Teachers, policemen, firefighters, and nurses can no longer afford to live in the city in which they work. We cycle and walk to our offices. They sit in traffic on the way home to Medford and Waltham. But it wasn’t us who did this. No, it was the market.
Of course it was the market. Never mind that homeowner associations support zoning restrictions that prevent developers from building enough new homes to house the city’s burgeoning population. Never mind that these are quite strictly enforced. Pay no attention to the wealthy suburbs like Newton, Brookline and Lexington that allow no building at all.
Typical NIMBYism (typical socialism, typical integralism): prevent the market from working and then blame the market when things go wrong.
Green takes a turn for the surreal by proclaiming Watertown the real America (which apparently begins in a Stop and Shop parking lot, even though the only Stop and Shop in Watertown is near its border with Newton). Why? Because Watertown has white ethnics (so does Cambridge), because they buy American-made cars (even though the Teslas he mocked West Cantabrigians for driving are all made in the United States) and because the Watertown Mall has a lot of parking spaces (???).
To make matters more bizarre, Green began his article by noting that 89 percent of Cambridge voters supported Clinton in 2016 (along with the curious untruth that 4.5 percent vote “voted green or socialist”. Now, two percent voted for Green Party candidate Jill Stein, but 2.5 percent voted for Gary Johnson, who was no socialist), but in Watertown 73 percent voted for Clinton. Sixteen percent might be a big difference, but either way that’s still a landslide.
And if Cambridge stands out for its wealth and Clintonism, what is Green to make of the even wealthier suburbs of Brookline and Newton, considering even they, despite their liberal reputation and wealth had lower percentages for Clinton. Even Northampton, Amherst and Provincetown, places that in some respects make Cambridge seem conservative (anecdotally, I’d say there’s a lot more church-going in Cambridge, for example), didn’t give Clinton as high a percentage.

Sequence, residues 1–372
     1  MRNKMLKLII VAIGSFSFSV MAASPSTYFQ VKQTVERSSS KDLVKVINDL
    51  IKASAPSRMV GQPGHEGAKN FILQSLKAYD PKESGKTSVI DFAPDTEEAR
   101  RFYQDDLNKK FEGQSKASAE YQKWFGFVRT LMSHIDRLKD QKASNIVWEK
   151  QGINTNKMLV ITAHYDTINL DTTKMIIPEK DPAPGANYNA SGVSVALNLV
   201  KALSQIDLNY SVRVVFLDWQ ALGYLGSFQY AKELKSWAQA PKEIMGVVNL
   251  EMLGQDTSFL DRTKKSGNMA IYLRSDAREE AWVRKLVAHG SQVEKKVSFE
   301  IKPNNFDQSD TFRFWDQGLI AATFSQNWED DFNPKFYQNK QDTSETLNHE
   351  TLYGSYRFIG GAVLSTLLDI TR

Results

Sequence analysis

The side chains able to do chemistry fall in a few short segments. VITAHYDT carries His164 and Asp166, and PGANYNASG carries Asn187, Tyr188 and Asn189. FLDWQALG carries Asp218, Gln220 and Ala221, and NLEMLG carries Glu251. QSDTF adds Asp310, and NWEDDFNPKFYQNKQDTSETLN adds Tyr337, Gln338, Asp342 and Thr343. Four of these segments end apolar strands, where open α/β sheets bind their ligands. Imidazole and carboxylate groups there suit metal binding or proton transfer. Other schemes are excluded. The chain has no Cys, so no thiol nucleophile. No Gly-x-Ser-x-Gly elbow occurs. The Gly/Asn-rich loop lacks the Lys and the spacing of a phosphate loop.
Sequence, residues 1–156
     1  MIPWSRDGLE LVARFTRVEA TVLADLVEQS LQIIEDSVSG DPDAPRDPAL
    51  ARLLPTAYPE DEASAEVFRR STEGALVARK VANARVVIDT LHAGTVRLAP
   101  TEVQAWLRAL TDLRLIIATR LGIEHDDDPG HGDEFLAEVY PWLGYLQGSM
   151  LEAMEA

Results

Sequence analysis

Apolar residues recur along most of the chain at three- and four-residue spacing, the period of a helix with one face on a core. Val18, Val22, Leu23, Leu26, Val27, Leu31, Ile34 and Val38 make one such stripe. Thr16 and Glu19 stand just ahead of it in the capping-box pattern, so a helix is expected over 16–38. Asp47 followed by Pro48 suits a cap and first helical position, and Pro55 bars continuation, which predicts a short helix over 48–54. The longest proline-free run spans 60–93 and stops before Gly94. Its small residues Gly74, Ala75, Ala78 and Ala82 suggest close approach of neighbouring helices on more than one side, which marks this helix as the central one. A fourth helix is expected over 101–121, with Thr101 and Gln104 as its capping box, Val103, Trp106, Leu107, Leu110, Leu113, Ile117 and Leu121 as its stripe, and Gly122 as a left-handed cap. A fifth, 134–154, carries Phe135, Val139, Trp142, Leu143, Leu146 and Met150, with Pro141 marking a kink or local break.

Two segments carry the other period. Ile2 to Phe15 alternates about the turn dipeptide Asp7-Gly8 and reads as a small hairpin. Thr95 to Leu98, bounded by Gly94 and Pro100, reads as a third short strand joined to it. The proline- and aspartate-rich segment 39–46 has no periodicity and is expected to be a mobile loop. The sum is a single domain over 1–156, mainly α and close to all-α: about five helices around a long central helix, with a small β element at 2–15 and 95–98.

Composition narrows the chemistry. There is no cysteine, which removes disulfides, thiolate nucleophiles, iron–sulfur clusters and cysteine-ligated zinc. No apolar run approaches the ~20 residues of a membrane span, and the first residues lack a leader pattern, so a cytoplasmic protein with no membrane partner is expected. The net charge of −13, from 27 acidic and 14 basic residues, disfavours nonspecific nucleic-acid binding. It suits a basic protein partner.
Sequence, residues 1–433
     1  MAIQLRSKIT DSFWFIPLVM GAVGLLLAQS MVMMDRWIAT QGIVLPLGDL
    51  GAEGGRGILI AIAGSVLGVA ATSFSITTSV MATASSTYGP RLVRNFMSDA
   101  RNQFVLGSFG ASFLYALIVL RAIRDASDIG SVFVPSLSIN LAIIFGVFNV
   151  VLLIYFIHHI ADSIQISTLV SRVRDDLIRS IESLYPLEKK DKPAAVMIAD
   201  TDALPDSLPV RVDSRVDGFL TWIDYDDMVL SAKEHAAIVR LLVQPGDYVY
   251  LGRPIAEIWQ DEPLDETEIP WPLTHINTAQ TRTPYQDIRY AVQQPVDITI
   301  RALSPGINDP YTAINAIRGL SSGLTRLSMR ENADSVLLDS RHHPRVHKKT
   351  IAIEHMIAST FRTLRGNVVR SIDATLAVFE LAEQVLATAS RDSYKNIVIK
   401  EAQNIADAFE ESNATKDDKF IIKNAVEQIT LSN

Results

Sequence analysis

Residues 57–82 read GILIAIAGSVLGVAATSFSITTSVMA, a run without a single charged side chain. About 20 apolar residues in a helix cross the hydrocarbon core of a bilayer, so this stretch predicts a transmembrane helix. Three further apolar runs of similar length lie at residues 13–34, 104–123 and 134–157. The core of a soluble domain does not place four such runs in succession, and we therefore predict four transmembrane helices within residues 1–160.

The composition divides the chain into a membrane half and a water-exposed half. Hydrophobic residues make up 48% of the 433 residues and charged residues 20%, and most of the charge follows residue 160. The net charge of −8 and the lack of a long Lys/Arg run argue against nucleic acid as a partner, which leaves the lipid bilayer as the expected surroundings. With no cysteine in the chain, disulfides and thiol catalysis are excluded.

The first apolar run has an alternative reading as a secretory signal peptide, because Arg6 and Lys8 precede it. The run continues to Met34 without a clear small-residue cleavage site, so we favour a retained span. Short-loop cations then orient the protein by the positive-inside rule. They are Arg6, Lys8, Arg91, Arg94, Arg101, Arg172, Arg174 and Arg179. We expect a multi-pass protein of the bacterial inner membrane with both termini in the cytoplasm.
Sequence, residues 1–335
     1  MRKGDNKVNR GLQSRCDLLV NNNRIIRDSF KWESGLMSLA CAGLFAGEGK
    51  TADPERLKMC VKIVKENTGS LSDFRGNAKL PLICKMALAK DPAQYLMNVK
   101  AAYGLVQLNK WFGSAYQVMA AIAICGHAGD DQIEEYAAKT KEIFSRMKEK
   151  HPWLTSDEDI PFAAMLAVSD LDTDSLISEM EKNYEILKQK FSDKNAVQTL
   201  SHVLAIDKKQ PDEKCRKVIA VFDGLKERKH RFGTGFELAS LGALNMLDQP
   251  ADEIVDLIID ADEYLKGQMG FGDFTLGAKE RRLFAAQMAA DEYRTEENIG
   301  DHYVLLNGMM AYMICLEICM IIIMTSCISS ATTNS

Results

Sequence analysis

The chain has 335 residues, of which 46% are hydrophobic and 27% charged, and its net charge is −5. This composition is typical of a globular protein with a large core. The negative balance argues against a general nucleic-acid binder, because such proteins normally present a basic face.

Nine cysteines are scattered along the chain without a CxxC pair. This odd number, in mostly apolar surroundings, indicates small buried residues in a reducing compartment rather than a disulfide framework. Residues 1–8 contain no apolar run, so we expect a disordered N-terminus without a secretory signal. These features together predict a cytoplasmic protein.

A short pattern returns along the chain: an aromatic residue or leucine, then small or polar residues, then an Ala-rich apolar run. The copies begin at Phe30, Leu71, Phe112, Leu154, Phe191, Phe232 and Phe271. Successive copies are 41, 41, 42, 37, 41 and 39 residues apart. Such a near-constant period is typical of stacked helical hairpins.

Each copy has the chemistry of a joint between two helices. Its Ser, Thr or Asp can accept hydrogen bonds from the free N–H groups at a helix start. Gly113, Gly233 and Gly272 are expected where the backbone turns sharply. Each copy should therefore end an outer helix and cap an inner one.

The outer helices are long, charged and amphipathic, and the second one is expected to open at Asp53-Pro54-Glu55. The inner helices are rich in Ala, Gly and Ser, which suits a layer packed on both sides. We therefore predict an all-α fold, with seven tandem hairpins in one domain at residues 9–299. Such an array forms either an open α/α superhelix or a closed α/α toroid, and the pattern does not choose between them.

But getting back on topic, the idea that Cambridge is home to some sort of global economic elite conspiring to steal the sweat off the American workingman’s back in order to benefit themselves and some unscrupulous Mexicans is an absurd fantasy. I know a lot of people here and it seems to me doubtful that the global economic elite lives with roommates into their thirties, contemplates moving to Leominster and spending three hours commuting into Boston in the morning just to be able to raise a family, or endures the unreliability, long travel times and discomfort of our buses and subways in order to avoid the expense of owning and parking a car. I expect the elite to be more glamorous, somehow.
I helpfully suggest that rather than nursing his unfounded and lamentable contempt for his neighbors (though his geographic and factual errors make me wonder if he actually lives here), he try being neighborly. Atomization is a terrible thing, you know.